QIPP Prescribing

PrescQIPP https://www.prescqipp.info/

This resource is specifically aimed at primary care commissioners that support quality, optimised prescribing for patients. An NHS funded not-for-profit organisation it publishes evidence-based resources and tools and a platform to share innovation across the NHS.

The site includes a number of Webkits of topical interest – collections of resources around a range of topics including Care Homes, Polypharmacy & deprescribing, Transfer of care and Self care.

Registration is free to NHS organisations including CCGs and CSUs.

It has been added to the page of resources for specific conditions and Best practice and innovation of the Handbook.

No magic bullet for managing demand in planned care

There is no best practice manual to be found out there or in this report to guide health-care personnel on when, where and how to make referrals.”

That is the conclusion of this realist synthesis of evidence around demand management for planned care, but the report does stress that it is not a hopeless, unfathomable, insoluble task. There are many, diverse, hard-won, local and adaptive solutions. The report presents evidence behind a range of  the common approaches in detail, including- referral management systems, GPWSpIs and use of guidelines, and the final chapter offers some guidance on how commissioners might ‘think through’ the interdependencies through a series of Prompts.

A really useful addition to our Hot Topic on Demand Management page.

Pawson R, Greenhalgh J, Brennan C. Demand management for planned care: a realist synthesis. Health Serv Deliv Res 2016;4(2)

Resources from health service reviews

There are many health service reviews going on across the country, and sometimes they publish useful resources which can be used elsewhere. Two examples here:

Compendium of Clinical Evidence (December 2014) is a collection of guidelines and standards compiled for the review in Dorset  – see Dorset VIsion. There is also a compilation of case examples on models of care.  The authors are not named.

The review in Shropshire – Future Fit –  was supported by Central Midlands CSU who carried out rapid reviews of the evidence across the different services which are published here.

These have been added to the Handbook. If you come across other useful resources like this do send the link to anne.gray5@nhs.net.

Evidence Live 2016

Hi all
One of the themes of Evidence Live 2016 is on the use of evidence in commissioning –

Theme 5. Translating Evidence into Better-Quality Health Services
Commissioning health services based on evidence remains a priority for affordable health-care that does not waste unnecessary resources. Abstracts are sought that focus on:
• Consider the science behind the implementation of evidence in practice
• Recognize the facilitators and barriers to implementation as well as how they might be utilized or overcome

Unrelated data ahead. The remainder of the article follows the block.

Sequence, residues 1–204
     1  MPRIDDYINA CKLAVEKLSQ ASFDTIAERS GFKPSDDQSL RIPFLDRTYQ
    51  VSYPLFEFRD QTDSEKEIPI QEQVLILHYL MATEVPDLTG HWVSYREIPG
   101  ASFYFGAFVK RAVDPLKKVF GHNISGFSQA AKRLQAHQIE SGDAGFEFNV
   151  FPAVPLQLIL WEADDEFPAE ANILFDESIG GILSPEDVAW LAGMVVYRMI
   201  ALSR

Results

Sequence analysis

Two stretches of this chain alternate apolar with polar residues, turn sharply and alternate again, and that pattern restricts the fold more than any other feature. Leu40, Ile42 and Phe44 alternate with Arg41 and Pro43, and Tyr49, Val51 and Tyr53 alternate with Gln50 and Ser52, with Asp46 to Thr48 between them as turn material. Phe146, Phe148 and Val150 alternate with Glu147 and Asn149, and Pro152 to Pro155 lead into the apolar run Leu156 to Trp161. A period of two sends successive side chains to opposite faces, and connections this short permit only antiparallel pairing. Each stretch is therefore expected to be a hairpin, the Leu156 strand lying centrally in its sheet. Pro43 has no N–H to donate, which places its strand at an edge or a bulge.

• Discuss the challenges and methods to improve the development of evidence based clinical policy
• Facilitate improved access to the highest quality evidence for translation into quality of patient care

Deadline: Workshops – November 30th 2015, Oral & Poster – January 30th 2016

It would be great if we could get NHS LKS submissions here. Any ideas?



Recent additions – what have you found?

Need to nurture: outcomes-based commissioning in the NHS

Demonstrating the Value of Community Services –

The Integrated Care Evaluation Framework ((ICE-F): a realistic evaluation of integrated health and social care services in Wales.

A Short Guide to the Department of Health

The legislative landscape in mental health 

Key Data on Adolescence 2015 

All suggestions to anne.gray5@nhs.net please!

How does primary care affect unscheduled care? – systematic review

Primary care factors and unscheduled secondary care: a series of systematic reviews. from the Centre of Academic Primary Care, University of Bristol,  2014
This is a very a very unusual document, not only does it give a clear presentation of how primary care organisation directly impacts on unscheduled care, but it also suggests what this means for commissioning of new services.

NEW Hot Topic on acute services in the community

We are still collecting resources for a new Hot Topic page on Acute services in the Community. Thanks to John Gale and Erica Rae – but keep them coming.

We will publish a draft page as soon as there is sufficient material, but are still looking for someone to take responsibility for the content.

Current editors will do the Handbook edits – any  volunteers?

Do let us know on anne.gray5@nhs.net.

New stuff in the Handbook

An overview about cancer statistics, from National Cancer Intelligence Network including information on the latest statistics publicly available and where to find them, published in July 2015.

Enhancing access in primary care settings an evidence briefing produced by the Centre for Reviews and Dissemination (June 2015) – a hot topic at the moment. Highlighted are  extended hours, telephone consultation, role substitution and implications of these for the whole system.

The review by the EPPI Centre on Commissioning in health, education and social care was published in 2012 but is a useful systematic review of the research evidence on the impact of commissioning and/or reviews that consider the models of commissioning used and evidence about impacts across different sectors.